In a significant Connecticut Appellate Court victory for policyholders, Murtha Cullina LLP helped Vanderbilt Minerals, LLC prevail in its coverage case against more than 20 of its insurance carriers, who had issued policies from the 1950s to the 1980s. The case presented several complex coverage issues and, at 250 pages, is believed to be the longest opinion ever issued by the Connecticut Appellate Court. In this case, Vanderbilt sought coverage for claims that alleged asbestos-related disease from exposure to industrial talc sold by Vanderbilt. The central issues on appeal concerned how to allocate the cost of the defense and indemnity for these asbestos claims among the parties and whether to apply policy exclusions.
In a 250 page opinion addressing more than a dozen appellate issues, the Appellate Court devoted nearly half of its decision to allocation issues, in which it affirmatively adopted "continuous trigger" and the "unavailability rule" in applying pro-rata allocation to coverage obligations for asbestos claims.
- Under "continuous trigger," all policies from the date of first exposure to asbestos to the time of manifestation of the disease may be called upon to respond to the claim.
- Under pro rata allocation, the cost of defense and indemnity is spread over the triggered policy periods and the policyholder shares in those costs if there are periods when the policyholder was intentionally uninsured or when coverage has been lost or compromised.
- Under the "unavailability rule," no allocation is made to periods of time when coverage was not available for the type of risk at issue – here asbestos injuries, which were broadly excluded by the insurance market after 1985.
The Appellate Court provided a very thorough and thoughtful analysis as to why continuous trigger and the unavailability rule are proper components of the pro-rata allocation framework. The Appellate Court explained that the indivisible and cumulative nature of progressive injuries caused by asbestos is fundamentally different from traditional accidents. Recognizing that comprehensive general liability policies do not clearly address how long-tail claims should be allocated, Connecticut and other courts have adopted pro rata, continuous trigger allocation, which the Appellate Court described as "an artificial judicial construct designed to allocate costs between various insurance policies…." The many policy reasons for adopting pro rata, time on the risk allocation, continuous trigger and an unavailability rule were identified by the Appellate Court as including: distributing of the burdens equitably among all parties involved, maximizing resources available to respond to the multitude of claims (which means maximizing the use of available insurance because insurers have a better ability to manage this sort of risk), and satisfying the reasonable expectations of the insured.
The insurers’ argument that policy language providing for coverage of injuries "during the policy period" conflicted with the application of the unavailability rule was rejected by the Appellate Court. Noting that each insurer agreed to write an occurrence-based policy that affords "almost unlimited prospective coverage" for future costs arising from injuries that take place during the policy period, the Appellate Court dismissed any claimed conflict with the policy language or unfairness in applying the unavailability rule.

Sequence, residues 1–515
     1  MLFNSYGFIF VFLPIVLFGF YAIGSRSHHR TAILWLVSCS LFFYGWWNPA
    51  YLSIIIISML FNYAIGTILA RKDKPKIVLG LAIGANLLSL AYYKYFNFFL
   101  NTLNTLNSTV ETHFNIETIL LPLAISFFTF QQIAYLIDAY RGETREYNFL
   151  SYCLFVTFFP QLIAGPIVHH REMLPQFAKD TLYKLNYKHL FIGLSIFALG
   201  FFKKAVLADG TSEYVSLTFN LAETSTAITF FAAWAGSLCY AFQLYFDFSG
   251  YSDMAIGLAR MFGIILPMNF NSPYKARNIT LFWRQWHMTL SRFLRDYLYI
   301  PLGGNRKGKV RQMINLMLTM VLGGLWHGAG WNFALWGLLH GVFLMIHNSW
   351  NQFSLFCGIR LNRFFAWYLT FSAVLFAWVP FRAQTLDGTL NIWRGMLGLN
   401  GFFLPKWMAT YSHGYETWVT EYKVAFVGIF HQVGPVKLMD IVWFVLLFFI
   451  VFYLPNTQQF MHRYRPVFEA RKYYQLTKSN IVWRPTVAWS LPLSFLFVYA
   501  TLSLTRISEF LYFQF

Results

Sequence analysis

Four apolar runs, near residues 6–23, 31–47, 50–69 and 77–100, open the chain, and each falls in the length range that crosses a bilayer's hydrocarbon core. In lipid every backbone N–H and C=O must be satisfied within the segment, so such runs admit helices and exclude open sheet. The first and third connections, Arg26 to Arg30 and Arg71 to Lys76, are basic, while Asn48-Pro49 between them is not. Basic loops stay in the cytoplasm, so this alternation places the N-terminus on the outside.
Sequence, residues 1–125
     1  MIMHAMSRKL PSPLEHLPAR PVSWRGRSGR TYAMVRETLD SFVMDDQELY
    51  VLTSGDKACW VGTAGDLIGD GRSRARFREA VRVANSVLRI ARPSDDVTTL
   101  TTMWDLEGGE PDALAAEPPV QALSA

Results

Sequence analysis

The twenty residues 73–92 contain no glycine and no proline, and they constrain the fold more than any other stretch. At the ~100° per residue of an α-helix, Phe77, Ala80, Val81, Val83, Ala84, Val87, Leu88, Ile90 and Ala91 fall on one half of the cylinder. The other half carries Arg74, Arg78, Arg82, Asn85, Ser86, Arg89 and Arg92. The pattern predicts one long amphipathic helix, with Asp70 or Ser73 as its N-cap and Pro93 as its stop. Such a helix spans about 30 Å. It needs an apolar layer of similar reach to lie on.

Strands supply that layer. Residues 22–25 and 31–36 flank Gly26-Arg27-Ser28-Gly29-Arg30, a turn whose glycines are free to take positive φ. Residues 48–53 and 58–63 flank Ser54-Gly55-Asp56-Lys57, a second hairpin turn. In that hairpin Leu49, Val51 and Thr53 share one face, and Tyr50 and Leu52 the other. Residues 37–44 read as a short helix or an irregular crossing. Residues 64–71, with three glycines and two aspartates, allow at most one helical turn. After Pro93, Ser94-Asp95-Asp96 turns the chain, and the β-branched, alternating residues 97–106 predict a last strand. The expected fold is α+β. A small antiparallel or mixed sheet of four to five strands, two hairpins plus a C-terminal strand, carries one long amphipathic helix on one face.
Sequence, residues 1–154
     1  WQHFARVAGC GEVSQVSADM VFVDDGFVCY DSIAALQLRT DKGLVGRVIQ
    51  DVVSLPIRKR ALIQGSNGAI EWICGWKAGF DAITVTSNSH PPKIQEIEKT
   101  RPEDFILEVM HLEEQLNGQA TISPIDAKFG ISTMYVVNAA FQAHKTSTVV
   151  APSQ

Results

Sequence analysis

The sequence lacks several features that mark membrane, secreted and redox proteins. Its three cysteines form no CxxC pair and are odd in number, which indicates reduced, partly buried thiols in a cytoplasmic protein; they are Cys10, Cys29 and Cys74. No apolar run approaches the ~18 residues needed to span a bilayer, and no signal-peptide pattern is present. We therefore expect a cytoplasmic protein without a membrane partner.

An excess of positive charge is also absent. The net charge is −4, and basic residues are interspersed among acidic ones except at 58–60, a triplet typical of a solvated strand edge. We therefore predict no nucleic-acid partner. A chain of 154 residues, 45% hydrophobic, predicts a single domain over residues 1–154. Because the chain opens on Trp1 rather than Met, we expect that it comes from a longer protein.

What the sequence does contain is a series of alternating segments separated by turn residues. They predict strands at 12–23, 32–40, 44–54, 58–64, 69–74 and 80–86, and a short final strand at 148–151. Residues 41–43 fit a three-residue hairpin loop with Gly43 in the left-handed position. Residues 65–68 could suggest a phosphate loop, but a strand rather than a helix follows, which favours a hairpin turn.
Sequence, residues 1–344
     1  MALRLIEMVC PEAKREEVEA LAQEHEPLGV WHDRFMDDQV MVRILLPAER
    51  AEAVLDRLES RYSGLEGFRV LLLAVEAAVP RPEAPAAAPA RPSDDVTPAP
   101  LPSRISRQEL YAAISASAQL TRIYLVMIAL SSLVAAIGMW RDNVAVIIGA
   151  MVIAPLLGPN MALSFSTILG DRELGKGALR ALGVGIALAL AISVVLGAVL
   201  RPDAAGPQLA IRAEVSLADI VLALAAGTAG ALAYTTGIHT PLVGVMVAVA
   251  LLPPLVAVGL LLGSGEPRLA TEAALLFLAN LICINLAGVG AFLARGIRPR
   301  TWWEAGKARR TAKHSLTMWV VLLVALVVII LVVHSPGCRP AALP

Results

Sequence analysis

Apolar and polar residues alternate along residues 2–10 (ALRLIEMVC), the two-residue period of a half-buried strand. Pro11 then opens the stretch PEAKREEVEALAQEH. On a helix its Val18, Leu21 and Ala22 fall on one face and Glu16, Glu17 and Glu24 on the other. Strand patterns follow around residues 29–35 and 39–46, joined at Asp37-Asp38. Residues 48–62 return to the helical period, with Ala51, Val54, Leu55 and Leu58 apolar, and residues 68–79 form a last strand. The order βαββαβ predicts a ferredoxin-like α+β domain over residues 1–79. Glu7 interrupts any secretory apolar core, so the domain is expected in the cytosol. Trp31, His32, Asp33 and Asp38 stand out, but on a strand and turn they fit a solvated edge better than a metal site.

The Appellate Court also rejected the insurers’ argument that an equitable exception to the unavailability rule should apply where the policyholder continues to sell a harmful product after insurance for those harms becomes unavailable. While not foreclosing the possibility of an equitable exception under other circumstances, the Appellate Court held that the trial court’s findings established that no such exception applied here. Specifically, the trial court had found that Vanderbilt had a longstanding and good faith belief, validated by federal regulators, that its talc did not contain asbestos and that the underlying actions were groundless. On this record, the Appellate Court reasoned that the application of the unavailability rule would neither encourage risky behavior nor afford Vanderbilt an undeserved windfall.
As for exclusions, the Appellate Court held that pollution exclusions bar coverage only for claims asserting traditional environmental pollution. The pollution exclusions do not bar claims arising from exposure to a toxic substance, such as asbestos, in the course of its intended use. In reaching this conclusion, the Court emphasized that the words "pollutants, irritants and contaminants" need to be read in context with the other terms within the exclusion, including the term "atmosphere." The Court concluded that these are environmental terms of art which become ambiguous as applied to the claims brought against Vanderbilt and therefore did not bar coverage here.
Deciding an issue of first impression for the entire country, the Appellate Court held that a broadly-worded occupational disease exclusion bars coverage for claims alleging workplace exposure by persons other than Vanderbilt’s own employees.
In addition to being a very favorable result for Vanderbilt on the majority of issues, this case is notable for its unprecedented magnitude. The decision addressed over a dozen issues raised in the thirteen appeals that were consolidated by the Court. These interlocutory appeals followed two phases of trial and were permitted in order to resolve issues that will guide later phases of trial. For the appeals, the allotted briefing pages for all the parties exceeded 400 pages and the parties’ joint appendix was submitted in 8 volumes. The decision came after an unusual day-long oral argument before the three-judge panel of Judges Lavine, Beach and Bear.